Some decks are straight laid and others have the planks sprung to follow the sheer. Straight laid decks are far easier to install. What we do to install sprung decks is clamp ,wedge and weight.
We take small blocks of plywood
, about 2"x 3", the thickness of the teak planks being installed and super glue these to the sub deck. You can use hot melt glue but super glue works better. The technique is to apply glue to the block and spray the activator to the deck and then press the block down where you want it. With this method the glue is not as permanent and will bond in 2-3 seconds. Then when you want to remove it a sharp blow with a hammer will usually remove it. Or use a chisel bevel down and pop it off.
We tape the sides of the block with mylar packing tape to prevent epoxy from sticking to them.
For the first plank you glue the blocks down along the inner edge of where you want your plank. This means you are gluing in an area that will be under the next plank. We then use small clamps to pull this first plank tight to the blocks. After a dry fit we wipe the plank with denatured alcohol, then apply epoxy to the sub deck with notched plastic spreaders,
and install the plank.We use 25 lb bags of lead shot for weights.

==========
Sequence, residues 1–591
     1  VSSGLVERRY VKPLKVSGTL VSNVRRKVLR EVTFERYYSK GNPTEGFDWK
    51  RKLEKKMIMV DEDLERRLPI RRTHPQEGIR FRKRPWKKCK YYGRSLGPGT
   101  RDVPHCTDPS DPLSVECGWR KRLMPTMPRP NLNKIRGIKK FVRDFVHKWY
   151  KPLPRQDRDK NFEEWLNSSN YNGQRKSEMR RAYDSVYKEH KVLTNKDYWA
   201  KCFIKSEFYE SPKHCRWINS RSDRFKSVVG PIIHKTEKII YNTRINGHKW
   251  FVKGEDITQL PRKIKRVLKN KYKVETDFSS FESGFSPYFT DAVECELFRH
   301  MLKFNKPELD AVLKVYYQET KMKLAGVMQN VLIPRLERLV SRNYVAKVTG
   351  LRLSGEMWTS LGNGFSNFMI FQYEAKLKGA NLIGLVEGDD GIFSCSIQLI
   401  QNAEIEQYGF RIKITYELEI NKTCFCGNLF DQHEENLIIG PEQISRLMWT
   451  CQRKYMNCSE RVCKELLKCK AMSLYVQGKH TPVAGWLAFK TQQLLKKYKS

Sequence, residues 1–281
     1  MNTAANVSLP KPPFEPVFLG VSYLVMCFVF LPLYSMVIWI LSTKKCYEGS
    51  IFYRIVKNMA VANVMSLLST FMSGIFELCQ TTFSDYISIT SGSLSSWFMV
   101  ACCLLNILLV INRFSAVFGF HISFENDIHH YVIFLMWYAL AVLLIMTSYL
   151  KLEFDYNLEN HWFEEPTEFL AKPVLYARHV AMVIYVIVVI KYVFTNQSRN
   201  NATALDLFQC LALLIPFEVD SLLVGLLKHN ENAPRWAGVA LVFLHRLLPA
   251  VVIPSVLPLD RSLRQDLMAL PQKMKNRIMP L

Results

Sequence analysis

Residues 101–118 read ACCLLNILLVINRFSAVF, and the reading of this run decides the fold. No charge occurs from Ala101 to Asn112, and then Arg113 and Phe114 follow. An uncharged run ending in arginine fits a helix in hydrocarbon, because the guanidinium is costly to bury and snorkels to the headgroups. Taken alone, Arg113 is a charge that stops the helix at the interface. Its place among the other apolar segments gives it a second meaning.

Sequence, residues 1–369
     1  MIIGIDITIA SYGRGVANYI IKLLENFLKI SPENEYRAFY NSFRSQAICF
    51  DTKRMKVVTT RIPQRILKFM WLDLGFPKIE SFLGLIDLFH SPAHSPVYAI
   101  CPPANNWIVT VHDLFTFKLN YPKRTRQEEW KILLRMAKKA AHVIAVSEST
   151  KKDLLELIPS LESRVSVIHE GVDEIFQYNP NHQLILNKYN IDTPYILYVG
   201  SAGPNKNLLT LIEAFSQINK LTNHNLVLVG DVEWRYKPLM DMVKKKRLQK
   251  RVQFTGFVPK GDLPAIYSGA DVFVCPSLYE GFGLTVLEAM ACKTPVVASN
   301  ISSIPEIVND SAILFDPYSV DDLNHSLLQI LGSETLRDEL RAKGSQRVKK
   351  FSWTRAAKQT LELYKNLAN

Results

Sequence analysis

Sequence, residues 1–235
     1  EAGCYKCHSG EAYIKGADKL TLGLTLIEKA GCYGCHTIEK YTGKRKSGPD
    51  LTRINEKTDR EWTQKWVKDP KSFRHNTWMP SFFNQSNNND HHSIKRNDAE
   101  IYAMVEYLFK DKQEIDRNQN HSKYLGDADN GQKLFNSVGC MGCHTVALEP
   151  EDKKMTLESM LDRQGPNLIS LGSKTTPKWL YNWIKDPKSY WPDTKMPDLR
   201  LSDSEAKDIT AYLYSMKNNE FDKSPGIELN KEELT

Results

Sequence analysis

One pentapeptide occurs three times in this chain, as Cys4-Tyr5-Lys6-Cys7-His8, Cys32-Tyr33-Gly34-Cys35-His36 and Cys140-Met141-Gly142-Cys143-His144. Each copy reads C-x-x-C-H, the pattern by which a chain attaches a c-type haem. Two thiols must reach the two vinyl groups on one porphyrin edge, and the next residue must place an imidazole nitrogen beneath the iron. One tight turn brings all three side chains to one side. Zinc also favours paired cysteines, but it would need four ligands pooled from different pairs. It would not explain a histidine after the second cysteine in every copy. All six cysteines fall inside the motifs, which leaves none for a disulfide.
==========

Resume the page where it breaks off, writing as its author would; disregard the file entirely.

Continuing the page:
It's very important to be meticulous cleaning
up the squeezed out epoxy. We keep qt bottles of alcohol and boxes of paper rags and trash buckets handy. We also like the little black plastic mixing sticks that West Systems sells. The chisel end of these works well or cleaning
and doesn't scratch.
If you need to glue a block down on a finished surface we put masking tape down first. This works well as the load is in sheer.
On subsequent planks we glue the blocks in far enough to allow f
or a small plywood
wedge to push between the block and the plank to tighten up the seam. We make seam spacers of starboard as the epoxy doesn't stick. We always use epoxy to glue down decks and haven't had a problem on several hundred decks in over 10 years.
We also sometimes will super glue pieces of tongue depressors to the plans to hold the in position while the epoxy sets. We use the non-permanent method here and usually sand these off to avoid any damage to the teak surface.
Once you are in the rhythm you can actually glue down several planks at one go. Once you have planks glued down you then go to the other side o the boat and proceed there. We work mostly in south FL and we use fast epoxy so we can usually do 2 and sometimes three sets a day on each side o the boat.
The other method is to build the to a pattern upside down on a bench and then glue on a plywood or fiberglass
skin to the bottom to hold the spring in the planks. The panels
are then glued to the sub deck.
Sprung decks will cost about a third more than a straight laid deck because o the additional labor involved.
Hope this was clear enough and is o some value. David